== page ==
Maya Shakti: On Becoming a Demolitions Expert

Via Bernadette Birney
on May 21, 2011
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I have a confession:

I have a long standing tendency to consider my point of view to be The Truth.

Do you have that same tendency?  I’ll bet you do.

Until recently, I never bothered to challenge many of my most fundamental points of view, and beliefs about myself–and the way I operate in the world because of them.

For example, here’s a short list of things I’ve believed to be true:

  • That I’m fiercely introverted
  • That I’m horrible at math
  • That I don’t have the discipline to be a writer
  • That I’m good at teaching yoga but bad at the business of yoga
  • That I have to chose between personal fulfillment and financial success

I have regularly repeated these “truths” to myself as though they’re gospel.  They have shaped my mind.  For better or worse, they’ve shaped my ideas about myself, and my life–and they’re simply stories that I made up!

I am always making up these kinds of stories, and so are you.  Do any of the stories you tell yourself leap to mind?

Modern neuroscience tells us that every time we think a thought, a particular neural path is strengthened.  The more times a mind travels a neural path, the more likely it is to travel that path again, and so a single thought becomes a tendency to think in a certain way. A neural pathway that starts out as flimsy as a scantly traveled deer-path in the woods can become a well established super-highway, with as much traffic as I-95. The structure of a brain is literally altered by the way it’s used.

Therefore, I am both the shaper of my terrain, and the shape my experience takes–and so are you.

The yoga tradition calls this ability to shape our experience the power of Maya Shakti, or the power of illusion.  Nothing that I fashion from Maya is an absolute truth, but it might feel an awful lot like one.

Many times, I have heard my teacher, Douglas Brooks, call Maya “the architect of consciousness.”  Maya will give shape and structure to both my brain, and my experience.  Maya will either be the crummy experience that I’m compelled to have, or the fantastic experience that I get to have.  Or, it might be just another humdrum Thursday.

Without an understanding of Maya, I’ll engage this power in an unconscious way, and just keep telling myself my same old stories.  I like some of my stories, but some of them really f*ck me up, and keep me playing small.  If I want to, or if I don’t know any better, I can use Maya to build a little box to crawl inside of.  I will have to inhabit the cramped space inside those “truths”.  They will seem as solid, real, and confining, as brick walls.

Or, as Lauren Zander likes to say, I can become a demolitions expert, blow that sh!t up, knock down the old Maya, and put in a new deluxe kitchen.

I am beginning to understand, in a much deeper way than before, that it really is all me. I am creating my experience all the time.

I am god in my world, and so are you.

Maya is built in.  There’s no getting rid of it, and you wouldn’t want to.  The point isn’t to get rid of Maya; the point is to get good at it.

I understand that I am not an island. As I create my experience, I’m also impacted, and imprinted upon:  by chance, by the world, and by the people in my world.  However, it’s up to me to decide how receptive to be, and to whom.  It’s up to me to choose wisely.  It’s up to me to process my experience.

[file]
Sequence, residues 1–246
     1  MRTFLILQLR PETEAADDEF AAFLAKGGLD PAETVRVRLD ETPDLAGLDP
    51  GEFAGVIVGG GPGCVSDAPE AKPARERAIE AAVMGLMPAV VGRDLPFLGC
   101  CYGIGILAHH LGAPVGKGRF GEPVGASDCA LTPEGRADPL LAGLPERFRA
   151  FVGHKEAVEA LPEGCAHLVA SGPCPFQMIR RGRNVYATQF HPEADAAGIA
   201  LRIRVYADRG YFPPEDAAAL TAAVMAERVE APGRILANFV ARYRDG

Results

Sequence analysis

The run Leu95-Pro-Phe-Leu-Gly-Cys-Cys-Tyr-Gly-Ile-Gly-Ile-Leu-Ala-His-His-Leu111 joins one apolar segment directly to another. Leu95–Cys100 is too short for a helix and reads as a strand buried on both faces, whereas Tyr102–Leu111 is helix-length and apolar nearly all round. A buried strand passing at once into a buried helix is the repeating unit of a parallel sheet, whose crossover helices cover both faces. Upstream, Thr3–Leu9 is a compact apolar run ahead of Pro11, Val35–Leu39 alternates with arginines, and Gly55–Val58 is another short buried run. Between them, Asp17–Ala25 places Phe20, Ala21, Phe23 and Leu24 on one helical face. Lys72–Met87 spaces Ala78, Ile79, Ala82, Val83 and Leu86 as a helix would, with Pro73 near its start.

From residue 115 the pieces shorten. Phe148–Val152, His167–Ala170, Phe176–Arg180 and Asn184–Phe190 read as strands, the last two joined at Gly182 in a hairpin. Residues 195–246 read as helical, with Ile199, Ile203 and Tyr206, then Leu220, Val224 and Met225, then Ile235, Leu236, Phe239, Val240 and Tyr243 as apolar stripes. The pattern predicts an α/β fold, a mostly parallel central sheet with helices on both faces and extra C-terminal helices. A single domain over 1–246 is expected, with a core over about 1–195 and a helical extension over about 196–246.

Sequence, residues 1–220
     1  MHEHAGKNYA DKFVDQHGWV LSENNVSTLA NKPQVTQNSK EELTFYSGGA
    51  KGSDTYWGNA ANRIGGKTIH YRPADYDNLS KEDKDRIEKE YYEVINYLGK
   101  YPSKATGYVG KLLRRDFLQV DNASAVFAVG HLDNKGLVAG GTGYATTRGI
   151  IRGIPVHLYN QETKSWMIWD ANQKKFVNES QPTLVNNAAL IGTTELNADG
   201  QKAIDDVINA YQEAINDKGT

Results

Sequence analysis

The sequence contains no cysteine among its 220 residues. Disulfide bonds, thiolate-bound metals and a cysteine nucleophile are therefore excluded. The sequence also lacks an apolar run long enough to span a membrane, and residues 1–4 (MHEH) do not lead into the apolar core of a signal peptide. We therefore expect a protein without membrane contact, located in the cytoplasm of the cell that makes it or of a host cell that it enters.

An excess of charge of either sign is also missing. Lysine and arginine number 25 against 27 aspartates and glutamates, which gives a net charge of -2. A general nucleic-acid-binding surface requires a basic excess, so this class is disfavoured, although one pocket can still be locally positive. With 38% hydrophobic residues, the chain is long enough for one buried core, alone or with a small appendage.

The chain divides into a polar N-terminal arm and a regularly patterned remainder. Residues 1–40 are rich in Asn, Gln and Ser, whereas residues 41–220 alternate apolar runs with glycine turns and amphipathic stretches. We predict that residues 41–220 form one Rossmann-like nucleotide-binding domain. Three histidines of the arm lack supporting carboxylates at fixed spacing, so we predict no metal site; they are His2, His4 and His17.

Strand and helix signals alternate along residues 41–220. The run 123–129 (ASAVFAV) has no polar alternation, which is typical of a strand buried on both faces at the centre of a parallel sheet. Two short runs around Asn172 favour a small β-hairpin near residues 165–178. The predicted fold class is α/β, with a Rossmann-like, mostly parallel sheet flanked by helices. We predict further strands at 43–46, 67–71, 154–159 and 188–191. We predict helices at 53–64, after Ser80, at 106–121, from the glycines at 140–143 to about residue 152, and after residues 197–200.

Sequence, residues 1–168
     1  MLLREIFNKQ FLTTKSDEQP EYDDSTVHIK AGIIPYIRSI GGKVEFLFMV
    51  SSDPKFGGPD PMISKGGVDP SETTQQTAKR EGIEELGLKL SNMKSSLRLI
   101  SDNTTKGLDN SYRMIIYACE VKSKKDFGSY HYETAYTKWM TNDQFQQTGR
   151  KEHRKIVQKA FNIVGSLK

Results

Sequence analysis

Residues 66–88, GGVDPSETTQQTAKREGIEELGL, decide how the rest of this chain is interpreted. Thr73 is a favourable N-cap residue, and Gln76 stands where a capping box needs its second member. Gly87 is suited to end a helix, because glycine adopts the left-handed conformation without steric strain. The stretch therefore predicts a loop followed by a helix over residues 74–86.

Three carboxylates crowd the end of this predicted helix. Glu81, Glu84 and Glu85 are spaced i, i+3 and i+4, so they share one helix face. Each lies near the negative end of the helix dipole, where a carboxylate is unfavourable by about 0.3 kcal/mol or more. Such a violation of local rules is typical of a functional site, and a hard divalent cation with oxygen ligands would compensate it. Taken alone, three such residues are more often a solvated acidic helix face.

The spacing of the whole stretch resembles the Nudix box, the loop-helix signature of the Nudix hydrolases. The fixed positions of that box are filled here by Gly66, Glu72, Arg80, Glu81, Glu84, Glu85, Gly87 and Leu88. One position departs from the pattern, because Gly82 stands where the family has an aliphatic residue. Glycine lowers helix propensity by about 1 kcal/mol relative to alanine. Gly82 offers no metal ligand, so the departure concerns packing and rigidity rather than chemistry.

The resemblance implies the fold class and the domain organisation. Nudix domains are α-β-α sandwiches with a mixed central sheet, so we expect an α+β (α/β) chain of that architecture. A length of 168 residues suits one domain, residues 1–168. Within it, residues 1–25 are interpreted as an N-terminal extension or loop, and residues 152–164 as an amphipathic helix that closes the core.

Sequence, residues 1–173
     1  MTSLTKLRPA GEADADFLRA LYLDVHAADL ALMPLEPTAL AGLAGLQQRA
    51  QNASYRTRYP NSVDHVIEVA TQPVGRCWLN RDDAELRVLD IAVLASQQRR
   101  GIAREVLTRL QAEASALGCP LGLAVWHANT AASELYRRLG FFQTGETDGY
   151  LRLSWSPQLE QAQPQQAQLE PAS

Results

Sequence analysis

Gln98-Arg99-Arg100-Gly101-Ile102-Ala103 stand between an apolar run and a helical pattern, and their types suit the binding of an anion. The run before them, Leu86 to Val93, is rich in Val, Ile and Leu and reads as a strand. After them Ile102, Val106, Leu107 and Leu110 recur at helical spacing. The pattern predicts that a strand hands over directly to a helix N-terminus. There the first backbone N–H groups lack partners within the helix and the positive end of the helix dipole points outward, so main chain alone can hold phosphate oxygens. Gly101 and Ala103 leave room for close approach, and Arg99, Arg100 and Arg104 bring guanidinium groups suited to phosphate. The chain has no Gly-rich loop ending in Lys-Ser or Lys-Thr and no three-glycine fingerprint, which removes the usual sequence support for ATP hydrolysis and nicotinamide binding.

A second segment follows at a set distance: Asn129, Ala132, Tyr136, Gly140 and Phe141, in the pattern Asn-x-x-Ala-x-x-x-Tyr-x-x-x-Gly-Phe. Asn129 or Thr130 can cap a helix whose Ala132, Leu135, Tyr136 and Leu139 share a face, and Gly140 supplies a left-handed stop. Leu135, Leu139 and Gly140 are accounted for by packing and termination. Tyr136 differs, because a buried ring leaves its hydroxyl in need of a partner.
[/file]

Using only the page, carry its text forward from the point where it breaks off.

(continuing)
It’s exhilarating to heave a wrecking ball into what appears a solid, confining structure, only to find thin air.  Some “truths” that once felt dense, substantial and unhappy, now seem far less so.  Some are so flimsy I can almost poke my finger through.

For example, it turns out that I’m not (quite) as introverted as I’d thought. Who knew?  I’m also better at discipline, and my business acumen doesn’t suck nearly as much as I’d feared.

Mindful demolition creates the opportunity to build something better.  Demoliton gives me goosebumps.  In the good way.

Note:  I’m forever grateful to Douglas Brooks, and to The Handel Group, for teaching me how to  become a demolitions expert, and architect extraordinaire.


About Bernadette Birney

Bernadette Birney is a dyed-in-the-wool, freedom-loving tantrika. When she’s not busy conquering the world, taking hostages, feverishly freelancing, working on her book, and posting on-line essays, you can find her practicing the art of life-on-purpose, and teaching in Connecticut. / Bernadette has had the good fortune of studying with the great ones: she’s a certified Anusara yoga instructor, and has long pestered her Rajanaka Yoga mentor, Douglas Brooks. Known for her poetic and precise articulation, she insists that you can maintain a hard-core yoga practice and a sense of humor, too. Her classes, immersions and trainings are steeped in a life affirming philosophy that will invite you into the exploration of your own potential. / Bernadette was one of the earliest Certified Anusara yoga instructors in CT, and continues to mentor the local teaching community, leading trainings and retreats. She has contributed to Yoga Journal, Fit Yoga, Elephant Journal and Srividyalaya Amrta. She is also a Lululemon ambassador, and the author of the quirky, award-winning blog .


4 Responses to “Maya Shakti: On Becoming a Demolitions Expert”

  1. Great blog, Bernie. Love the analogies.

    Posting to Elephant Yoga on Facebook and Twitter.

    Bob W. Yoga Editor
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  2. Just posted to "Featured Today" on the Elephant Yoga homepage.

  3. Kris Nelson says:

    Yes. Fantastic, B. I love this. This sort of perspective is so valuable. I find that it is often lost and misplaced in the Anusara world being chalked up as "Advaita" and beneath. It's so important.

  4. […] wholeheartedly recommend reading her entire post, Maya Shakti: On Becoming a Demolitions Expert over on Elephant […]